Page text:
The US Securities and Exchange Commission (SEC) announced it will award with $17 million a former company employee who gave it a detailed tip on securities violations. The insider information helped significantly the agency’s investigation and ultimate enforcement action.
According to SEC, this is the second-largest whistleblower prize it has ever given since the program launched nearly five years ago. In September 2014 SEC issued a $30 million award and about a year later it gave out $14 million.
According to Sean X. McKessy, chief of SEC’s Office of the Whistleblower, in May the agency gave a total of $26 million to five whistleblowers. “We hope these substantial awards encourage other individuals with knowledge of potential federal securities law violations to make the right choice to come forward and report the wrongdoing to the SEC,” McKessy said.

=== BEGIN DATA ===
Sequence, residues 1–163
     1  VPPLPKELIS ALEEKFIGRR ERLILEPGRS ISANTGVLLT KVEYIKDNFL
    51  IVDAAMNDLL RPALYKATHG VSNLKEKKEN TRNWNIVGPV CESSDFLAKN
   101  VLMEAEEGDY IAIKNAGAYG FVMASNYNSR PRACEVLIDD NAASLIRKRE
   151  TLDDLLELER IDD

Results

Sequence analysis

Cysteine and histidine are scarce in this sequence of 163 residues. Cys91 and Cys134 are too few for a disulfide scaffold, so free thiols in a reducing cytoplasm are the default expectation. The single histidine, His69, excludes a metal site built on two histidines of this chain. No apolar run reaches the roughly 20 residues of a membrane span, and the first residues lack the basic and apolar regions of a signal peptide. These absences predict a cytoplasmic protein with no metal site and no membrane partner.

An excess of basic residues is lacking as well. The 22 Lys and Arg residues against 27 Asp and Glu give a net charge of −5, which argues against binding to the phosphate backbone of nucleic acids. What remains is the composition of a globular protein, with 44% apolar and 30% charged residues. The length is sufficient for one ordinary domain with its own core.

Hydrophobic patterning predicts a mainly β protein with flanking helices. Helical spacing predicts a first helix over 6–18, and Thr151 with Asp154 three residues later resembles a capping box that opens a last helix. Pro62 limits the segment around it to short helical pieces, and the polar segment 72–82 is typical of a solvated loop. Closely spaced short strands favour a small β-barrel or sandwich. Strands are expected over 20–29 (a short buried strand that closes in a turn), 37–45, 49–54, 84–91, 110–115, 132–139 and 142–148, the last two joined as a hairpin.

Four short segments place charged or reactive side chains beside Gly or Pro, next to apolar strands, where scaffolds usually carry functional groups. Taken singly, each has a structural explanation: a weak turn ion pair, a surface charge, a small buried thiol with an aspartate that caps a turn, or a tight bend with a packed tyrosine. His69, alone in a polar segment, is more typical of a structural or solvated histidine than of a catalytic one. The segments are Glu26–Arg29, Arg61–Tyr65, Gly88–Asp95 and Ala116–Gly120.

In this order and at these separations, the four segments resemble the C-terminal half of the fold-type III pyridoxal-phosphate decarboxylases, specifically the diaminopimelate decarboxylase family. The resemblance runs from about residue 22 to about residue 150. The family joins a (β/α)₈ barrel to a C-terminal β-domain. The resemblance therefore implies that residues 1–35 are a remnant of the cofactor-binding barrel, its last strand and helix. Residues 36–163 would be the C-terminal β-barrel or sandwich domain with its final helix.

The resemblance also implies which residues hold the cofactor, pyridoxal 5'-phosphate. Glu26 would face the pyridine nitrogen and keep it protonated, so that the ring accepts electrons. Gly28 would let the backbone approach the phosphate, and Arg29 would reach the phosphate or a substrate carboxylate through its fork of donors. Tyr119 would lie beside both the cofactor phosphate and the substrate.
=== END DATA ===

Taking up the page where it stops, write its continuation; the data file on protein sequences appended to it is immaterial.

SEC rewards high-quality, original information that results in an SEC enforcement action with sanctions exceeding $1 million. The prize can range from 10 to 30% of the sum collected in a case. The money paid to whistleblowers comes from a special investor protection fund and is financed through monetary sanctions paid by securities law violators to the SEC. Money is not taken or withheld from harmed investors to pay whistleblower awards, nor from the US taxpayers.
The main mission of SEC is to protect investors, maintain fair, orderly, and efficient markets, and facilitate capital formation. It requires public companies to disclose meaningful financial and other information to the public and oversees the key participants in the securities world, including securities exchanges, securities brokers and dealers, forex brokers, investment advisors, and mutual funds. It has the right to bring civil cases against individuals and companies for violation of the securities laws, such as insider trading, accounting fraud, and providing false or misleading information about securities and the companies that issue them.